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"Quid vetat et nofmet Lucili fcripta legentes.
"Quaerere, num illius, num rerum dura negarît
"Verficulos natura magis factos, et euntes
ftars! as early as I knew
This Town, I had the fense to hate it too :
Yet here, as ev'n in Hell, there must be still
One Giant-Vice, fo excellently ill,
That all befide, one pities, not abhors;
As who knows Sappho, fmiles at other whores.
I grant that Poetry's a crying fin;
It brought (no doubt) th' Excise and Army in :
Catch'd like the Plague, or Love, the Lord knows how, But that the cure is ftarving, all allow.
Yet like the Papift's, is the Poet's state,
Poor and difarm'd, and hardly worth your hate!
IR; though (I thank God for it) I do hate
Perfectly all this town: yet there's one state
In all ill things, fo excellently best,
That hate towards them, breeds pity towards the reft,
Though Poetry, indeed, be fuch a fin,
As I think, that brings dearth and Spaniards in:
Though like the peftilence and old-fashion'd love,
Ridlingly it catch men, and doth remove
Never, till it be starv'd out; yet their state
Is poor, difarm'd, like Papifts, not worth hate.
Here a lean Bard, whose wit could never give
Himself a dinner, makes an Actor live:
The Thief condemn'd, in law already dead,
So prompts, and faves a rogue who cannot read.
Thus as the pipes of fome carv'd Organ move,
The gilded puppets dance and mount above.
Heav'd by the breath th' inspiring bellows blow:
Th' infpiring bellows lie and pant below.
One fings the Fair: but fongs no longer move;
No rat is rhym'd to death, nor maid to love :
In love's, in nature's fpite, the fiege they hold,
And scorn the flesh, the devil, and all but gold.
These write to Lords, fome mean reward to get,
As needy beggars fing at doors for meat.
One (like a wretch, which at barre judg'd as dead, Yet prompts him which stands next, and cannot read, And faves his life) gives Idiot Actors means (Starving himself) to live by's labour'd fcenes. As in fome Organs Puppits dance above,
And bellows pant below, which them do move.
One would move love by rhymes; but witchcraft's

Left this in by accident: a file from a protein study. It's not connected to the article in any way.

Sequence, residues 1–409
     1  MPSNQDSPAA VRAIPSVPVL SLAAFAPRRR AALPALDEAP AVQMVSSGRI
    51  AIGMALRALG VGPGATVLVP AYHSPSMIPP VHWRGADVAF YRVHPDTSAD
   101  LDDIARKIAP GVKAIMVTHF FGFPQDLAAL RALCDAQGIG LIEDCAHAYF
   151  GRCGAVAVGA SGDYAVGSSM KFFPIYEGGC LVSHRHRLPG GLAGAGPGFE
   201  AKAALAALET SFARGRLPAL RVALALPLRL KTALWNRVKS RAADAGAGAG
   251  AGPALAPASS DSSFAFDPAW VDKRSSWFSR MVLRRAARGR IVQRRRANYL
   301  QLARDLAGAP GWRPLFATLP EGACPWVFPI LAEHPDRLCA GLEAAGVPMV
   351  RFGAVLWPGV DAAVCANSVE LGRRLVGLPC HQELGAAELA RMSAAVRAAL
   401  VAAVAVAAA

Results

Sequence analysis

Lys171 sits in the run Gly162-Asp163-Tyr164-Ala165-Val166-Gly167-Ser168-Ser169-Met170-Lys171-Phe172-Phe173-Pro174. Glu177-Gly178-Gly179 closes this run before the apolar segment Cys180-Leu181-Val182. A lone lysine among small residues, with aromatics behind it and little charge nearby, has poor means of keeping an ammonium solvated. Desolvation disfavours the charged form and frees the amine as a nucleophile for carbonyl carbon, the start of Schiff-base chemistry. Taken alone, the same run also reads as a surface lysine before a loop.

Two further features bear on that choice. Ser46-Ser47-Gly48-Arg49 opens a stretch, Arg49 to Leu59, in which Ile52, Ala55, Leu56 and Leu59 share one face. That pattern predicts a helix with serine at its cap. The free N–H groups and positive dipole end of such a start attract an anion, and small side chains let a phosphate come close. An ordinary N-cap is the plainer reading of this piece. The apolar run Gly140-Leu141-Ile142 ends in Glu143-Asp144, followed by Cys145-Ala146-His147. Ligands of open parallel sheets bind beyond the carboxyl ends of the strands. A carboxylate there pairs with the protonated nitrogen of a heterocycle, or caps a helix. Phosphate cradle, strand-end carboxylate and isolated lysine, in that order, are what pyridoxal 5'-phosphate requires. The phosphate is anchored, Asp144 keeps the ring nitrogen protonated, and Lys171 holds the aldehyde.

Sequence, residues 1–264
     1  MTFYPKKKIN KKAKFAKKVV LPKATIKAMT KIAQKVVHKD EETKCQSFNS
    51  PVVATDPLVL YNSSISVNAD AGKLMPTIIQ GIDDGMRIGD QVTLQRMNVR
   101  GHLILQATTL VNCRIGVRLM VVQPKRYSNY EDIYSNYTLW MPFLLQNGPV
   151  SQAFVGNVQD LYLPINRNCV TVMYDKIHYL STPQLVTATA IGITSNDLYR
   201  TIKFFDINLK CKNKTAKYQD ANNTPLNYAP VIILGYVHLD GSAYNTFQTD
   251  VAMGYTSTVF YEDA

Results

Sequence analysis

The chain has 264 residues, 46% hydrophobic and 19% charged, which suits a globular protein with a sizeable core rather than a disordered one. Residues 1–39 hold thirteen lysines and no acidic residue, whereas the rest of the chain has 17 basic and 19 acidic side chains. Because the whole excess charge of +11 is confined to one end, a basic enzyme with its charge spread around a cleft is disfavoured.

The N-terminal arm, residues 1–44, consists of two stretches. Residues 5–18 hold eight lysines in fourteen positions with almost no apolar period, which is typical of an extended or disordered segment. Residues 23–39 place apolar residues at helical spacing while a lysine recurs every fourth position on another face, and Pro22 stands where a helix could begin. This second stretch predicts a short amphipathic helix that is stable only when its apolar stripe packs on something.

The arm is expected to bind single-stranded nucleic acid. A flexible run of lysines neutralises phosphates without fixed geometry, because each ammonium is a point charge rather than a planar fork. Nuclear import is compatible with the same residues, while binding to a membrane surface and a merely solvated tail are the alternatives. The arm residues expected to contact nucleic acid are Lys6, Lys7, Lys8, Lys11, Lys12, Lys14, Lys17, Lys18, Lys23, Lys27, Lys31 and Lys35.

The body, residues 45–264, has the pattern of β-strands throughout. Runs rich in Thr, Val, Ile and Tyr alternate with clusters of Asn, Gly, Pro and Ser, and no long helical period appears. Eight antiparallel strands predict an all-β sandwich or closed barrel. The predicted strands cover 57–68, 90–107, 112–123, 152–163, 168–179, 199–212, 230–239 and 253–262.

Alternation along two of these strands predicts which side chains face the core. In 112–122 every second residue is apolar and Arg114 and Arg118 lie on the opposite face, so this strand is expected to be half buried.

Bring not now their old fears, nor their old harms;
Rams and flings now are filly battery,
Pistolets are the best artillery.
And they who write to Lords, rewards to get,
Are they not like fingers at doors for meat?
And they who write, because all write, have fill
That 'fcufe for writing, and for writing ill.
Those write because all write, and fo have ftill
Excufe for writing, and for writing ill.
Wretched indeed! but far more wretched yet
Is he who makes his meal on others wit:
'Tis chang'd, no doubt, from what it was before;
His rank digeftion makes it wit no more:
Senfe, paft through him, no longer is the fame;
For food digefted takes another name.
I pafs o'er all thofe Confeffors and Martyrs,
Who live like S-tt-n, or who die like Chartres,
Outcant old Efdras, or outdrink his heir,
Outufure Jews, or Irishmen outfwear;
Wicked as Pages, who in early years
A&t fins which Prifca's Confeffor fcarce hears.
Ev'n thofe I pardon, for whofe finful fake
Schoolmen new tenements in hell muft make;
But he is worst, who beggarly doth chaw
Others wits fruits, and in his ravenous maw
Rankly digefted, doth thofe things outfpue,
As his own things; and they're his own, 'tis true,
For if one eat my meat, though it be known
The meat was mine, the excrement's. his own.
But thefe do me no harm, nor they which use,
to outufure Jews,
To outdrink the fea, t' outfwear the Letanie,,
Who with fins all kinds as familiar be
As Confeffors, and for whose finful fake
Schoolmen new tenements in hell must make
Of whofe ftrange crimes no Canonift can tell
In what Commandment's large contents they dwell.
One, one man only breeds my just offence;
Whom crimes gave wealth, and wealth gave Impudence:
Time, that at laft matures a clap to pox,
Whofe gentle progrefs makes a calf an ox,
And brings all natural events to pafs,
Hath made him an Attorney of an Afs.
No young divine, new-benefic'd, can be
More pert, more proud, more pofitive, than he.
What further could I with the fop to do,
But turn a wit, and fcribble verses too?
Pierce the foft labyrinth of a Lady's ear
With rhymes of this per cent. and that per year?
Or court a Wife, spread out his wily parts,
Like nets or lime-twigs, for rich Widows hearts;
Call himself Barrister to every wench,
And wooe in language of the Pleas and Bench?
Whofe ftrange fins Canonifts could hardly tell
In which Commandment's large receit they dwell.
But these punish themfelves. The infolence
Of Cofcus, only, breeds my juft offence,
Whom time (which rots all, and makes botches pox,
And plodding on, must make a calf an ox)
Hath made a Lawyer; which (alas) of late;
But scarce a Poet: jollier of this state,
Than are new-benefic'd Minifters, he throws
Like nets or lime-twigs wherefoe'er he goes